The truth is that most recovering addicts relapse at least once, and many do so more than once, over the course of their recovery. It helps to look at recovering from alcoholism or drug addiction as an ongoing process, one in which temporary setbacks, or relapses, are common, and don’t necessarily signal an outright failure. It’s also important to understand what factors, or triggers, may lead to a relapse, so the addict and his support system can do everything in their power to avoid or minimize the impact of a relapse. The following are some common relapse triggers for addicts:

  • Emotional factors like depression, anxiety, stress or frustration
  • Being around people or places that remind the addict of using
  • Watching TV, surfing the web, using social media, or engaging in another distracting activity
  • Not getting enough sleep
  • Happy events that lead to overconfidence
  • Sensual reminders of the addictive behavior (the smell of alcohol, or the sight of people laughing and drinking in a bar)

Reducing the Risk and Impact of a Relapse

According to the National Institute on Drug Abuse, 40% to 60% of people relapse in recovery, but as time passes, relapses should occur less and less frequently. In fact, one study published in 2007 found that the rate of relapse dropped to 15% after five years of sobriety. Still, most people would say that relapse is inevitable for the majority of addicts and that recognizing the warning signs of a relapse is the first step in minimizing its impact. For instance, if the recovering addict is experiencing destructive thoughts, returning to unhealthy environments or behaviors, isolating himself from groups and activities, or experiencing mood swings, the person might wonder is relapse inevitable at this stage.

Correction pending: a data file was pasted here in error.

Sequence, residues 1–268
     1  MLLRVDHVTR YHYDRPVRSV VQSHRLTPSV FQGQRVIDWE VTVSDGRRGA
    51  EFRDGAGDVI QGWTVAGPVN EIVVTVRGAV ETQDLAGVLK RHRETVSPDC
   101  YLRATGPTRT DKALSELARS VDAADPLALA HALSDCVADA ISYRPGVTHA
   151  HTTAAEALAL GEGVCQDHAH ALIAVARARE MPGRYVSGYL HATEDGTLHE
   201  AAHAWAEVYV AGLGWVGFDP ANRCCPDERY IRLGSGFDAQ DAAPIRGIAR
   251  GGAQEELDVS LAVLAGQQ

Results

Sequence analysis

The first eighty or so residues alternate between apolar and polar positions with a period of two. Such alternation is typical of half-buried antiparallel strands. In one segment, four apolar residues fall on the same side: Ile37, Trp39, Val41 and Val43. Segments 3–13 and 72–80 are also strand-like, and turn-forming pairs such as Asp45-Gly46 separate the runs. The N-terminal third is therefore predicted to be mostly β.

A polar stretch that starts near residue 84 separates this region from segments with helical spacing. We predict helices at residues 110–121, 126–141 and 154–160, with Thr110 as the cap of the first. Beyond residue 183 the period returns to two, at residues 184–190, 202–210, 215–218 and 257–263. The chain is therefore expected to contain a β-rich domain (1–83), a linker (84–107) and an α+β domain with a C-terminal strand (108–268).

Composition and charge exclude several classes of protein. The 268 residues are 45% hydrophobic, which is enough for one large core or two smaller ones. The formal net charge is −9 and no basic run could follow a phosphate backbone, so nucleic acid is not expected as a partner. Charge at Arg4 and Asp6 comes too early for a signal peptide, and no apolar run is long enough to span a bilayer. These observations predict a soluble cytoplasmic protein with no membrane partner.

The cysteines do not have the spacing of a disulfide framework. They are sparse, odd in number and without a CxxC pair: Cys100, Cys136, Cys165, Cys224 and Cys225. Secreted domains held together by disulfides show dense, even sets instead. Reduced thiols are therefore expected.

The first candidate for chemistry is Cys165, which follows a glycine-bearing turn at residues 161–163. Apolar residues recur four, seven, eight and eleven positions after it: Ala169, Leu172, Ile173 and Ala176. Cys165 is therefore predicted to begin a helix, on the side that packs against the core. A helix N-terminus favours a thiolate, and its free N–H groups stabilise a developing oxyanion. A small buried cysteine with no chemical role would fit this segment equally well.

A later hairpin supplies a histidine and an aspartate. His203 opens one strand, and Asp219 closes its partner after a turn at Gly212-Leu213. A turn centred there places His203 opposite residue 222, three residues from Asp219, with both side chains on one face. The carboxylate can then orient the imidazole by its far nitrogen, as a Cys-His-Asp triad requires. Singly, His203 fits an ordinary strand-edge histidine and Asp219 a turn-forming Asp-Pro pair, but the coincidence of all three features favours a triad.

Aftercare Treatment for Recovering Addicts

While relapses are a common occurrence for individuals recovering from an addiction to drugs or alcohol, there are steps recovering addicts can take to decrease their chances of relapsing. One way to do this is to take part in aftercare treatment, an outpatient service offered by many rehab facilities, to help addicts learn tools for managing stress or anger, recognizing and addressing personal triggers, and dealing with temptations. Speaking with a mentor or reconnecting with trusted counselors from the addict’s treatment facility can also reduce the likelihood of a relapse, as can leading a healthy lifestyle, and joining a support group where recovering addicts share their personal experiences and learn from one another in a safe and supportive environment.  To answer the question “Is relapse inevitable or is it preventable?”, the answer is, it can be both.